Published by Atria Books
Publication date: October 9, 2018
Genres: Fiction, Historical
Time passes differently when I’m alone in the house; I have no way of marking the years. I am aware that the sun continues to rise and set and the moon to take its place, bu I no longer feel its passage. Past, present, future are meaningless; I am outside time. Here and there, there and here, at once.
In present day London, Elodie is an archivist who comes across a leather satchel containing a portrait of a beautiful young woman. Over one hundred years earlier 7-year-old Lily is an orphan taken off the London streets by an avaricious woman who grooms her as a thief. When she is a teenager she catches the eye of Edward Radcliffe, a wealthy artist who pays her to be his muse—a situation her employer encourages until she becomes something much more. These two women, are the living center of Kate Morton’s The Clockmaker’s Daughter, but it is Birchwood, a manor in the English countryside, that is the sun in the novel’s universe. A sprawling cast, seemingly unrelated, orbit around it, as the house waits for its mysteries to be uncovered.
And what mysteries they are. There are Elodie’s discoveries which also includes a drawing of Birchwood, a place she feels is familiar, but which she doesn’t know contains a multitude of unanswered questions. Namely, those about an idyllic summer when a group of artists and friends gathered that ended with one woman dead, another vanished, a priceless gem stolen, and a man’s career destroyed and his heart broken. It’s a lot, but what Morton does consistently and so well is create an alternate world where immersion in a story is completely possible. In The Clockmaker’s Daughter the cast includes friends, artists, school girls, relatives, musicians, World War II evacuees, historians, enemies…all written with the same level of care and attention. They live and breathe on the page, as do their stories.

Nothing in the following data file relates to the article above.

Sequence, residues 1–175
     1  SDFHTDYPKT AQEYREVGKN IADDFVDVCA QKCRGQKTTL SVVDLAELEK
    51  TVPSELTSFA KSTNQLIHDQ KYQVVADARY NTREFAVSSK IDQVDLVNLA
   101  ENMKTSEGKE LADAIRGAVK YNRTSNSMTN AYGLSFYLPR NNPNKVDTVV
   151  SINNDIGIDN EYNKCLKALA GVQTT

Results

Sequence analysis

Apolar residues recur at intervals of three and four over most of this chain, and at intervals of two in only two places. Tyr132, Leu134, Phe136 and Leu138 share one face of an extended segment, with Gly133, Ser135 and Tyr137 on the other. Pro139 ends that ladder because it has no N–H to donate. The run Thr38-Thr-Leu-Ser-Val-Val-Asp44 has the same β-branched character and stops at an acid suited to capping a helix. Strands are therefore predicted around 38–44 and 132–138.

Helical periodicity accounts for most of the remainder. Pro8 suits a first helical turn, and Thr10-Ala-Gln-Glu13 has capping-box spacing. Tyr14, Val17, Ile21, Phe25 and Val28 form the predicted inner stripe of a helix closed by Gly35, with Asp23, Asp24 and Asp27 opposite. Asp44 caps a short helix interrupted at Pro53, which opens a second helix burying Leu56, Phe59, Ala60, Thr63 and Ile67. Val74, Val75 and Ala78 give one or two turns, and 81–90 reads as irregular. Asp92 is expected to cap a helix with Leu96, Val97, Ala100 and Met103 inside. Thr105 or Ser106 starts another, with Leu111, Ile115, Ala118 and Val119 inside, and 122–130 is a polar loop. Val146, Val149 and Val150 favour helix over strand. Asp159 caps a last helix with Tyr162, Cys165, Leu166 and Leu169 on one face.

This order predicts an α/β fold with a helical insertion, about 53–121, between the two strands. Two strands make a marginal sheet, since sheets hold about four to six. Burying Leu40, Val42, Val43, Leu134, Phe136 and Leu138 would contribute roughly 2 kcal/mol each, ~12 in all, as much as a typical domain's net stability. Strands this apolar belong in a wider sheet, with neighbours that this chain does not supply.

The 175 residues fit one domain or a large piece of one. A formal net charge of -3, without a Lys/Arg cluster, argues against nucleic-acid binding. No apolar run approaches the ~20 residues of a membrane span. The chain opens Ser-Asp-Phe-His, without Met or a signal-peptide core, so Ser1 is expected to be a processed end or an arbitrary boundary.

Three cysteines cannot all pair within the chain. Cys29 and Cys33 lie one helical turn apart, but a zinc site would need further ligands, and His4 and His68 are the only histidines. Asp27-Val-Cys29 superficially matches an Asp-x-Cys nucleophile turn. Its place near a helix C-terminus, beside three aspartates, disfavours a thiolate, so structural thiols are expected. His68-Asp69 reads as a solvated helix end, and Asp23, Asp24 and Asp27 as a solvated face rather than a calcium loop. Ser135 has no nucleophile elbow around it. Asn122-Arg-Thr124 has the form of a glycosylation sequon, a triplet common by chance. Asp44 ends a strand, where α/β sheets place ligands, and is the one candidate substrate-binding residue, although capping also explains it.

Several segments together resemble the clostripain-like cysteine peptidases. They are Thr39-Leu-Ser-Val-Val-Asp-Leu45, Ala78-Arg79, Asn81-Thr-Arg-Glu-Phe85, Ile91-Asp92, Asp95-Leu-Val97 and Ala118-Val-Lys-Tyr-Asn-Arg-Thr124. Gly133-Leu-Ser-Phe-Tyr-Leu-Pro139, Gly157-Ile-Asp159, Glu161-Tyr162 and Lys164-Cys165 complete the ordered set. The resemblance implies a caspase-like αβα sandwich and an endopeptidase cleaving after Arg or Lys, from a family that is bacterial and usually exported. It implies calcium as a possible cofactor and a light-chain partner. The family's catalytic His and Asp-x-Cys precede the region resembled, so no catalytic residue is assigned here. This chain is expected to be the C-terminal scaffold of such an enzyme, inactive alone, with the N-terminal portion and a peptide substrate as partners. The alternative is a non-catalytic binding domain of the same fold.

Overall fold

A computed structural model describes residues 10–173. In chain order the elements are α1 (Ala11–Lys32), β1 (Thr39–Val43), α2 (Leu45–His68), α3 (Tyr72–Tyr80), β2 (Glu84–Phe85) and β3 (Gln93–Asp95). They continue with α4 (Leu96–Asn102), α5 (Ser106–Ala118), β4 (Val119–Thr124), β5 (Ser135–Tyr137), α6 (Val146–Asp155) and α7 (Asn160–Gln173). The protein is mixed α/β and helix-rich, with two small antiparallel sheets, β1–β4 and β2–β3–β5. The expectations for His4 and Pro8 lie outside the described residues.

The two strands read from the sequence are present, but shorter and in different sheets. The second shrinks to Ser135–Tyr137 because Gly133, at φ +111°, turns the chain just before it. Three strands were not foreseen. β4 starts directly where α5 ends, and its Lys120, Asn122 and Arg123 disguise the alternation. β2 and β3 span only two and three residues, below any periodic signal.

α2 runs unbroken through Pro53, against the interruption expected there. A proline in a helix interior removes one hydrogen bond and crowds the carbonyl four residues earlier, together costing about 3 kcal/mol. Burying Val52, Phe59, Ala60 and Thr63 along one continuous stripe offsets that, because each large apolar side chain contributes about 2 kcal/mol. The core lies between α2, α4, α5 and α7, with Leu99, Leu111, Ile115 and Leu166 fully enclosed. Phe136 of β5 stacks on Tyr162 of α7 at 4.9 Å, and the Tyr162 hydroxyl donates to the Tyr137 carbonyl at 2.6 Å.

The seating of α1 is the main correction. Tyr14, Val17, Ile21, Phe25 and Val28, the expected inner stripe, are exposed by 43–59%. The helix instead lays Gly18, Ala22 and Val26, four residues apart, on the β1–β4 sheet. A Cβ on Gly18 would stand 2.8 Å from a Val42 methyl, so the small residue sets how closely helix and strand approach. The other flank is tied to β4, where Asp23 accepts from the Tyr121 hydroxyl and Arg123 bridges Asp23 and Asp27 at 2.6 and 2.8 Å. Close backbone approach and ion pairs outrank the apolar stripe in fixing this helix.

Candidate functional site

Despite the numerous narrators and expanding, shifting plot in The Clockmaker’s Daughter there is no problem with confusion. Morton shepherds her readers carefully through her novels, and given their size and scope, it’s appreciated. However, in this case she is like one of those dear old friends who tells great stories, but sometimes embellishes them too much. There are so many back stories and ancillary characters that Morton’s innate attention to detail left me a little weary. She deftly juggles it all, but her desire to neatly tie up all the many threads she’s used makes for a knot tight enough to strangle. There is resolution all around, but in some cases, it feels forced. Something I haven’t noticed before in her other novels. The Clockmaker’s Daughter is still great escapist reading and perfect for gloomy, cold days, it’s just fell a bit short of my high expectations.